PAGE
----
The Puerto Rico Electrical Energy Authority might be required to amass 1000’s of megawatts of renewables and storage within the coming years, based on a Monday order from the island’s power regulators that additionally rejected many natural-gas additions included within the utility’s built-in useful resource plan.
In its IRP filed final 12 months, state-owned PREPA introduced a most well-liked state of affairs that included 1,800 megawatts of photo voltaic PV and 920 megawatts of power storage additions within the coming 5 years, plus eight minigrids that may very well be remoted to energy sure sections of the island if the electrical energy system is disrupted.
The Puerto Rico Vitality Bureau this week introduced a modified plan that included a combination with an even increased proportion of renewables: at the least three,500 megawatts of photo voltaic and greater than 1,300 megawatts of storage by 2025.
Regulators rejected PREPA’s $5.9 billion plan for its minigrid transmission system, with plans to determine a brand new continuing to optimize distribution and transmission spending and analyze potential cheaper resiliency choices. The bureau additionally needs PREPA to carry off on many new fuel additions, calling for “restricted substitute” of older models by a aggressive procurement course of that considers a variety of sources.
Taken collectively, the order considerably revamps the utility’s plan, ready by Siemens, which many environmental and clear power teams had criticized as too reliant on pure fuel. Regulators framed their resolution on the utility’s IRP as a “no-regrets” strategy to Puerto Rico’s electrical energy transition.
“Crucial points have been rejected, particularly the reliance on new [liquefied natural gas] terminals in Puerto Rico and new natural-gas amenities,” stated Agustín Carbó-Lugo, a senior supervisor on the Environmental Protection Fund’s power program and a former chair of the Puerto Rico Vitality Bureau. “I assumed that was large.”
Along with counting on extra renewables, the proposal from regulators will value much less, round an estimate of $13.eight billion in comparison with about $14.four billion for PREPA’s most well-liked plan.
Regulators permitted billions of for transmission and distribution hardening and as much as $5 million for preliminary allowing and siting work on a proposed fuel plant, although the bureau didn’t give that plant the official go-ahead. PREPA has additionally obtained approval to transform the oil-fired San Juan plant to run on pure fuel, a course of that’s already underway and that the bureau affirmed in its order.
PREPA didn’t reply to a request for touch upon the order.
Along with dealing with an electrical energy grid decimated by hurricanes and, extra not too long ago, earthquakes, Puerto Rico is working towards a legally mandated 100 % renewable portfolio customary. To this point, the island of three.2 million folks reached solely about 2 % of electrical energy from renewables. Planning for the long run is additional difficult by falling electrical energy demand on the island, a scenario doubtlessly exacerbated by the coronavirus pandemic.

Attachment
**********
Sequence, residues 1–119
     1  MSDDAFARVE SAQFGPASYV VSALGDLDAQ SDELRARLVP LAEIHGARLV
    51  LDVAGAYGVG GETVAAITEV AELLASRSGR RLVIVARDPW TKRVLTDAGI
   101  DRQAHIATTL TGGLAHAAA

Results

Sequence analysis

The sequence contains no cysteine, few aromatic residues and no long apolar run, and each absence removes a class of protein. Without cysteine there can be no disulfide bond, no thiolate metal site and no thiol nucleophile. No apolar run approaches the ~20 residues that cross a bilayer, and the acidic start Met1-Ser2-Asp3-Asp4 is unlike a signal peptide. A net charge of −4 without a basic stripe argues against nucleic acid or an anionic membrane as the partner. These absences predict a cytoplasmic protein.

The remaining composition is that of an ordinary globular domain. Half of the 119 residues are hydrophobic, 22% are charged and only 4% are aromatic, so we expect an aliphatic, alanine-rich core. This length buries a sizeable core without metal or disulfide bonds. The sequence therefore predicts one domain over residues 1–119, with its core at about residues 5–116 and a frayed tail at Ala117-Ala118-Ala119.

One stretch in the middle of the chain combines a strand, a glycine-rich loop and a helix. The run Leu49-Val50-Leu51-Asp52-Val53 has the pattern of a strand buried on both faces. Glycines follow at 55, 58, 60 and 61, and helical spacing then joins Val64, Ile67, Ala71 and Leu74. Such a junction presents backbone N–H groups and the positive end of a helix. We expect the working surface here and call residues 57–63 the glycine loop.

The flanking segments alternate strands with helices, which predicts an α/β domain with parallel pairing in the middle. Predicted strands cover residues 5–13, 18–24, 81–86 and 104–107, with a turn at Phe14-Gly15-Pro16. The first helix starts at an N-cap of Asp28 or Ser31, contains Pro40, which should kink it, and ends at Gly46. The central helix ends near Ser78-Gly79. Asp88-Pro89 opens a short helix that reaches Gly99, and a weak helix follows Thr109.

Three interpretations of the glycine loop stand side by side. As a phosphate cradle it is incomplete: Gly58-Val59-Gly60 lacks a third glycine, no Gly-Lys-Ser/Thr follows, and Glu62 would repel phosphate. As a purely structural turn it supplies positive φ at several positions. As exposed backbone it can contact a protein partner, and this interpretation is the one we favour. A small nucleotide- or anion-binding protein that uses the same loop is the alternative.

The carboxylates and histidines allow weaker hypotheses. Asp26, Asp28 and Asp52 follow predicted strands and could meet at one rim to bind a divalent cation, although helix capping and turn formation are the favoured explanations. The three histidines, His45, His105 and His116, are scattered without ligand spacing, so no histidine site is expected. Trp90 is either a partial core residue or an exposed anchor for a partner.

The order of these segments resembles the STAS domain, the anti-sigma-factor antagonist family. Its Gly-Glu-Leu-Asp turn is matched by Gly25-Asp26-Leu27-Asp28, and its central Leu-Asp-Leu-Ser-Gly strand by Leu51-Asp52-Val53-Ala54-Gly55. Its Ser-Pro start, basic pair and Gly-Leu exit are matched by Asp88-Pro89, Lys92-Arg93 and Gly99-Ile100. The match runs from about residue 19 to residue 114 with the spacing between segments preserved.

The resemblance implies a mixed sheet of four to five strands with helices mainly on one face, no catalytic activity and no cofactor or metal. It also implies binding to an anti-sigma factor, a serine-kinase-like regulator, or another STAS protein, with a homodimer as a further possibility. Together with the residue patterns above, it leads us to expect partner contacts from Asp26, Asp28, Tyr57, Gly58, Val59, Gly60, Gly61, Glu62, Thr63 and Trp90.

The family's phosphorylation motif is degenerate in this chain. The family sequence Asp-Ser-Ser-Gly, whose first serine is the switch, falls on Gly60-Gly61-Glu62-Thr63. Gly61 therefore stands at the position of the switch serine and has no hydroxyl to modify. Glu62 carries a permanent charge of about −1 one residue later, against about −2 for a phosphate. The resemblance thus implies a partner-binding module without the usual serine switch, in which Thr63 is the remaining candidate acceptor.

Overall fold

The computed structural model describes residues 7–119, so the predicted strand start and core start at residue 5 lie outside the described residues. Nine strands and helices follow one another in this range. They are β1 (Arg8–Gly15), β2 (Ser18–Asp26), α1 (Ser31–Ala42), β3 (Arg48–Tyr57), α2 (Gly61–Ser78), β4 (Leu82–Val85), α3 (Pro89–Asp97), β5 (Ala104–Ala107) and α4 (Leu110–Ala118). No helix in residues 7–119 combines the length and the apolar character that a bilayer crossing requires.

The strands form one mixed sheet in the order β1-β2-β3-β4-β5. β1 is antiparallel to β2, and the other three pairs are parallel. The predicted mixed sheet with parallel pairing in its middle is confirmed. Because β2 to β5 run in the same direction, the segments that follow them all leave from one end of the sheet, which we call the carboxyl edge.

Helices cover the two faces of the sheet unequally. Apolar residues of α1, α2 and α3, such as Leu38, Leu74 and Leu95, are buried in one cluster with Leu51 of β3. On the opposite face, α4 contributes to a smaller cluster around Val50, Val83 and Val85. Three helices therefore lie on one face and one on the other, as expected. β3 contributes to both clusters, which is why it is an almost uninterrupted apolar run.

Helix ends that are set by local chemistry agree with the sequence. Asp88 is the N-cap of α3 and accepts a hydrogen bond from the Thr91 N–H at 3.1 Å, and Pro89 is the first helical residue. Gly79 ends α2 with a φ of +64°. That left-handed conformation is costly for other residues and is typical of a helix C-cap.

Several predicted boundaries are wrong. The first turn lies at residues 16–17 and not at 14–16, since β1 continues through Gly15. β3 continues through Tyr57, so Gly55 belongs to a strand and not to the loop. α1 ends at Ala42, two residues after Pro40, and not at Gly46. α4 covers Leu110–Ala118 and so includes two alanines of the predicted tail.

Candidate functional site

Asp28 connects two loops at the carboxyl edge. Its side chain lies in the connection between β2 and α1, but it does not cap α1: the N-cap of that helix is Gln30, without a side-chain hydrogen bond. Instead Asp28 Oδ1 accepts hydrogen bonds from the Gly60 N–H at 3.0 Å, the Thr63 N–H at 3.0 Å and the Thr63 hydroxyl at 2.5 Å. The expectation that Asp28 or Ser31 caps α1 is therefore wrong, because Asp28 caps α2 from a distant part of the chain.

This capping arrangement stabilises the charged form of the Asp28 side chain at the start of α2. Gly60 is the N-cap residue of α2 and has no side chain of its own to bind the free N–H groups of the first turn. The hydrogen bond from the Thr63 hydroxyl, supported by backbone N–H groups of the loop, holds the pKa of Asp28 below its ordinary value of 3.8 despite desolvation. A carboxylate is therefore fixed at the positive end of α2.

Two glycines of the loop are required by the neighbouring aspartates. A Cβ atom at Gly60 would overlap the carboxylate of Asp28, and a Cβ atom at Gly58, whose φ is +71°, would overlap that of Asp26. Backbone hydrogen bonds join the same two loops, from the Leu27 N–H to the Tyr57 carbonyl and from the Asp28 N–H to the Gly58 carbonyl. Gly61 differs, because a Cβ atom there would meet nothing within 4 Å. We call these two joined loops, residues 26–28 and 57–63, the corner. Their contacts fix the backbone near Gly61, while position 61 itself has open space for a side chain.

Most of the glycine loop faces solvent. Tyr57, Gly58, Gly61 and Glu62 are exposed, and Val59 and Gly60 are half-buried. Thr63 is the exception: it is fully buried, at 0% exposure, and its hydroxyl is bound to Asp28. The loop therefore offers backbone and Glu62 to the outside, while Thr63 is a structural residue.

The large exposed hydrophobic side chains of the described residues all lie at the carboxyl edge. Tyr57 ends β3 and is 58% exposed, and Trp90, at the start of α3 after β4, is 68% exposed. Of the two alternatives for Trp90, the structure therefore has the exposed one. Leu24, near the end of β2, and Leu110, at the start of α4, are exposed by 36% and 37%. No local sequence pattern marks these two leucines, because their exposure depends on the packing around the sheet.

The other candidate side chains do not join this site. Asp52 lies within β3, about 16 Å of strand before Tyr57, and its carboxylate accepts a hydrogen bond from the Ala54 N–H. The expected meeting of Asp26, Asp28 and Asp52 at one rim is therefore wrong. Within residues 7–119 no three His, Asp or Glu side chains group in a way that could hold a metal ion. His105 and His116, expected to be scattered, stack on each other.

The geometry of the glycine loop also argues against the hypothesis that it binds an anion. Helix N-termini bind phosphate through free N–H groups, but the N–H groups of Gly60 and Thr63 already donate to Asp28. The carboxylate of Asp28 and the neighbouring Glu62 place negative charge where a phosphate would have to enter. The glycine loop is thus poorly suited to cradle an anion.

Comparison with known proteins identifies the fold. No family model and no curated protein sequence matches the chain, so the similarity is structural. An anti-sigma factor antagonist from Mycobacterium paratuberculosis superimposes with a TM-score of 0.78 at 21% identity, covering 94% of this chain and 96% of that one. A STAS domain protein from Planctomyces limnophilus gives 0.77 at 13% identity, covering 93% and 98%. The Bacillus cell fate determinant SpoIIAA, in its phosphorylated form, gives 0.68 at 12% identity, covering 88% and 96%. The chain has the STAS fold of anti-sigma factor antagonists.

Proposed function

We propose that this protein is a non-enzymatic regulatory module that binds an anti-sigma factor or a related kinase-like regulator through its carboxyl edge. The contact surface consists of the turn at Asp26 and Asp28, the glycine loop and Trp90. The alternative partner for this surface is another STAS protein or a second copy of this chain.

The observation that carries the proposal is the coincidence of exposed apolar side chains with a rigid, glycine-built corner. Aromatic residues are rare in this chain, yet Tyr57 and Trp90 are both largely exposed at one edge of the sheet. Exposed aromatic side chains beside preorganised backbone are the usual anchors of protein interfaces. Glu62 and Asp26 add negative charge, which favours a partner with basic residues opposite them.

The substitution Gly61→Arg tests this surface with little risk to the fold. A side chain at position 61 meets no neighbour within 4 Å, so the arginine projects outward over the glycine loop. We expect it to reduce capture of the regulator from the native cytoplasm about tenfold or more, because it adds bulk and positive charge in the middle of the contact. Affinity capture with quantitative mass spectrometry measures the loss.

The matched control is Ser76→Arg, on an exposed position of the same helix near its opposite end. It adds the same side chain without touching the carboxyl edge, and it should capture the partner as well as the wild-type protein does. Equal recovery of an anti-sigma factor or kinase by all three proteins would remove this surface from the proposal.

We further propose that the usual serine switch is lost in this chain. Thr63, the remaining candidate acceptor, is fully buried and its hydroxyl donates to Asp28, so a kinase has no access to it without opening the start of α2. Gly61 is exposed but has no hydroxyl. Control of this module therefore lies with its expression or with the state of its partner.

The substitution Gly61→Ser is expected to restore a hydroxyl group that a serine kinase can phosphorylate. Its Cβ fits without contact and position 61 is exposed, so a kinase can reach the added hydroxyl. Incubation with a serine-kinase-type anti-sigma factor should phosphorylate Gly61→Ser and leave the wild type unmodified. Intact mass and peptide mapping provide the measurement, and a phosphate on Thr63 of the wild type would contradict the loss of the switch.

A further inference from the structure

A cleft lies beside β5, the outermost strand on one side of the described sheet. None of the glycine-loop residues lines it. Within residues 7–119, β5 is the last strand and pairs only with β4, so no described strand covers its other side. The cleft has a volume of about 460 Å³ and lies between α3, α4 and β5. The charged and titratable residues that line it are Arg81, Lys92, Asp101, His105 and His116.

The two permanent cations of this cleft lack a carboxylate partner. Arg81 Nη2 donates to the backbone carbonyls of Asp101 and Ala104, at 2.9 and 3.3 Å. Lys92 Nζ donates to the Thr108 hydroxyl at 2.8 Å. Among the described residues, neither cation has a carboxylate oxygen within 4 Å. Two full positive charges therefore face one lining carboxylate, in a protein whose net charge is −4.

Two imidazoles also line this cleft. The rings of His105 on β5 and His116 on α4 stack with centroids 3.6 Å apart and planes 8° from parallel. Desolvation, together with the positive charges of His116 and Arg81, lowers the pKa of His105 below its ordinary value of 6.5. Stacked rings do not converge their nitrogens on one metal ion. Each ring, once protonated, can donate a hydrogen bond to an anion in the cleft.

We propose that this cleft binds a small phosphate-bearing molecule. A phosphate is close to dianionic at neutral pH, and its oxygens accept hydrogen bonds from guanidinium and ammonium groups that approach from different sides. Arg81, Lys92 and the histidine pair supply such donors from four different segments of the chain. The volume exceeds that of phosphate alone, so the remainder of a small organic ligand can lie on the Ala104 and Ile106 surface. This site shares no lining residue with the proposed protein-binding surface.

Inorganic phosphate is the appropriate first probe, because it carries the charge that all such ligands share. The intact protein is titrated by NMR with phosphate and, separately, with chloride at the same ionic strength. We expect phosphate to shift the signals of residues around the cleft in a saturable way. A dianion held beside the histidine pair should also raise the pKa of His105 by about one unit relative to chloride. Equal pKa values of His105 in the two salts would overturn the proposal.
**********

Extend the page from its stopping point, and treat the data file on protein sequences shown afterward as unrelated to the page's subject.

These circumstances have made for a intently watched resource-planning course of.
The potential for VPPs and distributed technology
In its subsequent built-in useful resource plan, to cowl the interval past 2025, the bureau requested PREPA to “explicitly account” for the potential for digital energy crops — a rising development on the U.S. mainland — as extra residents set up photo voltaic and storage. At present, the bureau argues, “PREPA treats distributed photo voltaic PV as an exogenous and glued set of sources whose deployment merely occurs, and for which PREPA should account.”
The modified plan crafted by regulators as an alternative emphasizes “the central position that prospects can play by provision of power provide and [demand response]” — a change in ideology that echoes the concepts of some clean-energy advocates on the island who need to see Puerto Rico transfer towards an electrical energy grid targeted on distributed technology and “prosumers.”
The bureau is engaged on rules for demand response and power effectivity, which regulators would require PREPA to contemplate because it implements its plan.
Regulators have now tasked PREPA with wanting into the potential for offshore wind and refurbishing the island’s hydro sources.
PREPA, which can quickly hand over administration of the grid to a 3rd get together, is required by regulation to achieve 40 % renewables by 2025. It’s unclear if PREPA will get to work instantly, although “there’s loads of work to be carried out,” stated Carbó-Lugo. The utility has appealed previous bureau choices.